TCS Daily


Smoke, No Fire

By Noah Shachtman - April 9, 2003 12:00 AM

It's a scene being replayed all over Iraq. American soldiers stumble upon a mysterious liquid or powder. The material is tested - and it's shown to be a nerve agent, or mustard gas. Embedded reporters and military flacks rush to tell the world that, at last, they've found the "smoking gun" that proves Saddam had banned weapons all along.

And then, a few hours later, further analysis shows that the whole thing was just a false alarm. The sample has to be sent to a lab, where a third and final determination can be made about whether or not the material is toxic.

What's going on here? Why do these "false positives" - as they're called in weapons inspectorese - keep popping up? Why are these tests so consistently inconsistent?

To begin with, the assessments are designed to be oversensitive. If they were people, they'd be hypochondriacs. Diesel fumes, burning grass - even breath mints have been known to set off alarms.

"We'd rather err on the side of caution. 'False positives' are a lot better than 'false negatives,'" Miguel Morales, a spokesperson for the U.S. Army Soldier and Biological Chemical Command.

Still, Peter LeJeune, an adjunct fellow at the Potomac Institute for Policy Studies, replied, "There's no excuse for thinking you have sarin one moment and Chanel No. 5 the next."

He's exaggerating for effect, of course. Nerve agents like sarin are chemically quite similar to pesticides. Thiodiglycol, an organic sulphur compound, is found in mustard gas - and in plastics, dyes, and lubricants, too.

So it's not surprising that one of the Army's first tests for blister and nerve toxins - M8 Chemical Detection Paper - will give "false positives" if it touches brake fluid or insect repellent.

The papers come in tan booklets of 25 strips, coated with three dyes that are soluble in chemical agents. They're used to detect liquid poisons. Put a few droplets of unknown goo on a strip, and in about 30 seconds, the bead will turn red if there's something vaguely like mustard gas or another blister agent; dark green if there's a nerve toxin like VX, and yellow for a poison like sarin.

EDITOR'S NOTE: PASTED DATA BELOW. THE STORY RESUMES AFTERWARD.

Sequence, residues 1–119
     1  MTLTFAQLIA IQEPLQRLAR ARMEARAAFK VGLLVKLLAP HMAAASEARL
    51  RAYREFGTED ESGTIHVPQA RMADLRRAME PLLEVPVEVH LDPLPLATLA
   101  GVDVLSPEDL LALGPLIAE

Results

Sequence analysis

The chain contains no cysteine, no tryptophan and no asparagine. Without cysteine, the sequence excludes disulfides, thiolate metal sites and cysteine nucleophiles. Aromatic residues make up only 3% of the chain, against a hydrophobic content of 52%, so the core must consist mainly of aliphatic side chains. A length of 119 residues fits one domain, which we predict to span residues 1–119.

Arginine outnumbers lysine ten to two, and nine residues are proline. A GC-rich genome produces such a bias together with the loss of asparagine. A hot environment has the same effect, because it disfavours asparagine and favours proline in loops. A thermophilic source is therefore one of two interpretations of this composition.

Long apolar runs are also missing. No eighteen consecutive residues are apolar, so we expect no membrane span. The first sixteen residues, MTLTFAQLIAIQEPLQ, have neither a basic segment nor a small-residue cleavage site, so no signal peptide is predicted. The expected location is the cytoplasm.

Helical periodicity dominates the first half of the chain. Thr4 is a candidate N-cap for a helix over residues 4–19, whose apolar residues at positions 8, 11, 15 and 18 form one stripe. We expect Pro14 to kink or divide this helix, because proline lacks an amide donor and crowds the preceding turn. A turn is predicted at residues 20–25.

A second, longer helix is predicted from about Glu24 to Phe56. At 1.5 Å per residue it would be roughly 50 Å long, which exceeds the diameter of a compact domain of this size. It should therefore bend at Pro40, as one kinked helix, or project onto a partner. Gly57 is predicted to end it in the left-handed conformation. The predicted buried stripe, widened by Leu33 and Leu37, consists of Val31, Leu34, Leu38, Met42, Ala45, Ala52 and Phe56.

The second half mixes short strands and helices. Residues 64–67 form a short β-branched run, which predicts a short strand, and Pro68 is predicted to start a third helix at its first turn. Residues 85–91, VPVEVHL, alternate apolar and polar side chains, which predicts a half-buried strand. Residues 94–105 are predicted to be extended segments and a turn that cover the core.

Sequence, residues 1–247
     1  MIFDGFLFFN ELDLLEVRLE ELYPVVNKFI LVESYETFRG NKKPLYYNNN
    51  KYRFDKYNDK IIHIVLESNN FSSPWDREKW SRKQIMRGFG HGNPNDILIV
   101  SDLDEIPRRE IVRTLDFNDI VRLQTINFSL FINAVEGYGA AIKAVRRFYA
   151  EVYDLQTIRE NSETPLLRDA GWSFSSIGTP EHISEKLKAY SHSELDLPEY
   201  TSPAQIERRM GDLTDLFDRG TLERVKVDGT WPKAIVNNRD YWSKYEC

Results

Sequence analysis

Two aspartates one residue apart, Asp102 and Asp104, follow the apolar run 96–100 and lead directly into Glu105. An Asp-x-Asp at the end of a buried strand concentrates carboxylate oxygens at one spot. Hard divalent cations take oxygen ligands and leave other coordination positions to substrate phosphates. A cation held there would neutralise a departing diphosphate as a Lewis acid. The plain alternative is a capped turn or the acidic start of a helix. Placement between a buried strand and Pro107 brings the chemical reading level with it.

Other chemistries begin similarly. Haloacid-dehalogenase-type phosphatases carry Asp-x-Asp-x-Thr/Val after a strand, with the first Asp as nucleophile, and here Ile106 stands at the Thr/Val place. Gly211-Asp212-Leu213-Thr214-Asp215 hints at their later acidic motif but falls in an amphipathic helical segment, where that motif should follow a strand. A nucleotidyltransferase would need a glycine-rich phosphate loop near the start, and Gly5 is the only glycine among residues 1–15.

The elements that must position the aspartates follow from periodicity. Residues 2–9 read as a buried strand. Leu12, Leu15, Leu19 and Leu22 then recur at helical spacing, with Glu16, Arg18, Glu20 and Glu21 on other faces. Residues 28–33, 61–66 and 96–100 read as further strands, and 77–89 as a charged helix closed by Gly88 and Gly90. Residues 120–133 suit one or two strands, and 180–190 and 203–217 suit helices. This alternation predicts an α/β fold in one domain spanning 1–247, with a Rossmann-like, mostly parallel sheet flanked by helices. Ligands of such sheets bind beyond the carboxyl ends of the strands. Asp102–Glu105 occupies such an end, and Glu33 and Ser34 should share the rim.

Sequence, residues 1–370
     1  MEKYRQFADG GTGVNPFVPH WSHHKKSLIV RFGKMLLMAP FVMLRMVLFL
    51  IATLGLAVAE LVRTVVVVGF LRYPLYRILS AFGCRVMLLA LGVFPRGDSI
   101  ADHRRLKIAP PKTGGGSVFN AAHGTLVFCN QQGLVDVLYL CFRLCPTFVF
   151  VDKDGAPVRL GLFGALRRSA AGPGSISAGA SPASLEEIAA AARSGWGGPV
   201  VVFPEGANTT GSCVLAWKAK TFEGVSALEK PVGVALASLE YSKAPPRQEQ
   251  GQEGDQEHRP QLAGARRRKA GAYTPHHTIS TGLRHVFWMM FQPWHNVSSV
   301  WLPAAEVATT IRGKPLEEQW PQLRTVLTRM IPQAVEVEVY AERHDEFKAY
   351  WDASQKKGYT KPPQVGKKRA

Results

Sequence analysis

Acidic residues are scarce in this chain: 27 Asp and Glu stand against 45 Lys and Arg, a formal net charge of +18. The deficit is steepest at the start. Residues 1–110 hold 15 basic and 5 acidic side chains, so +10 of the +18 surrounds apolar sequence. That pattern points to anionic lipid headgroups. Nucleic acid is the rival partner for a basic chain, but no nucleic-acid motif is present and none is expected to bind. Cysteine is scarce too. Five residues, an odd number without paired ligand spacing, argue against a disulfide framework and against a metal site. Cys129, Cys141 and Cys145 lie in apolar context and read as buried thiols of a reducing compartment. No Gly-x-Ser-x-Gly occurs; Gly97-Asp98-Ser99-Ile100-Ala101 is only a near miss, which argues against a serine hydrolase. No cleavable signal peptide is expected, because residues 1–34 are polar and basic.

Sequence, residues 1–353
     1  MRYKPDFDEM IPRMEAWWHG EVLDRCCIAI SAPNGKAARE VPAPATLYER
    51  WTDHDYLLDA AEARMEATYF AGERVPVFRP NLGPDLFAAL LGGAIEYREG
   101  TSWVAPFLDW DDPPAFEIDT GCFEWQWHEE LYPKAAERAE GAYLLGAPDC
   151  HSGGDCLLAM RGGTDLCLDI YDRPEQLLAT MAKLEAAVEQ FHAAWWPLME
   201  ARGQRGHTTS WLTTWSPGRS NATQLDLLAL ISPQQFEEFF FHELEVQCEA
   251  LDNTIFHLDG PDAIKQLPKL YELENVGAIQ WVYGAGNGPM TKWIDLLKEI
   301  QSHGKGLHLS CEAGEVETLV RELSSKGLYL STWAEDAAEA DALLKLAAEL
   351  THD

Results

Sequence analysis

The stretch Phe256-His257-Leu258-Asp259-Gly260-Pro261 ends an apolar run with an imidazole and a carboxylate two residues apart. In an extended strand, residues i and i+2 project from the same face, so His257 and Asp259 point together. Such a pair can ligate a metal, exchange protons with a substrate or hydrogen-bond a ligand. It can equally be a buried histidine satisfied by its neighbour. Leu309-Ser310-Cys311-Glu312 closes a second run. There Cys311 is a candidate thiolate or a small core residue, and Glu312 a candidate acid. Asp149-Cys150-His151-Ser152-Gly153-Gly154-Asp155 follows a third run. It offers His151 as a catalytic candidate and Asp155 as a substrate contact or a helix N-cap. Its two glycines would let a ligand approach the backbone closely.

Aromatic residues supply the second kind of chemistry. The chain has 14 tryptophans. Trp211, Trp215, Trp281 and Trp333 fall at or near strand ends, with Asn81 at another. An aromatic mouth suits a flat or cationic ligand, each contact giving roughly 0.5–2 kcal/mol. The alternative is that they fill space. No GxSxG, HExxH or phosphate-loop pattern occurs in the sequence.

The papers are used by themselves, and also as part of the M256A1 Chemical Agent Detector Kit, a black tacklebox that's a grunt's answer to his geeky brother's home chemistry set.

Each kit has a dozen miniature experiments, each wrapped in its own little foil envelope. Inside is a collection of liquid reagents that react to a type of poisons, and to a dye. Again, a different color is produced for each kind of agent. The tests are used for telling whether or not there are toxins in the air.

These exams are more sensitive than the strips - they can sniff out just .0005 milligrams of nerve gas in a cubic meter of air. But they're tricked by the same kinds of "false positives" that fool the papers, according to Dr. Griffin Davis, with Johns Hopkins Hospital.

Specialized Army units will also use a CAM ("Chemical Agent Monitor") to monitor the air. Sucking vapor samples in through a nozzle, the CAM analyzes using ion mobility spectroscopy. The vapor gets zapped with a radioactive material, like americium-241, then passes through an electrical field, and then to an ion detector. The substance is identified by the amount of time it takes to run this little gauntlet.

CAMs are also very delicate - maybe too much so. Breath mints, burning grass, and ammonia all interfere with the CAM, according to Defense Department documents. So does exhaust from a diesel truck, said Andrew Wolf, a chemist with the U.S. Army Soldier and Biological Chemical Command.

To keep samples away from all these contaminants, results from the CAM, M8, and M256 tests are being re-checked at the Fox mobile laboratories. These three-man, twenty-ton vehicles have more than a million dollars worth of chemical gear inside.

The most precious item in this haul is a gas chromatic mass spectrometer. It's a big way of a relatively straightforward process: the suspect vapor is broken down into its component parts. Each part is then identified by its unique spectral signature.

But this Fox can be less than sly, as it's masters admit.

"It's not a highly sophisticated lab," said Peter Keating, a spokesperson for General Dynamics, the defense contractor putting the Foxes together for the Army. "It's a reconnaissance vehicle, to identify areas to be avoided. It (purposely) will give a positive for sarin or for a similar pesticide."

Besides, you can't expect chemical tests to be that accurate, he added, "when you're bouncing around a battlefield."
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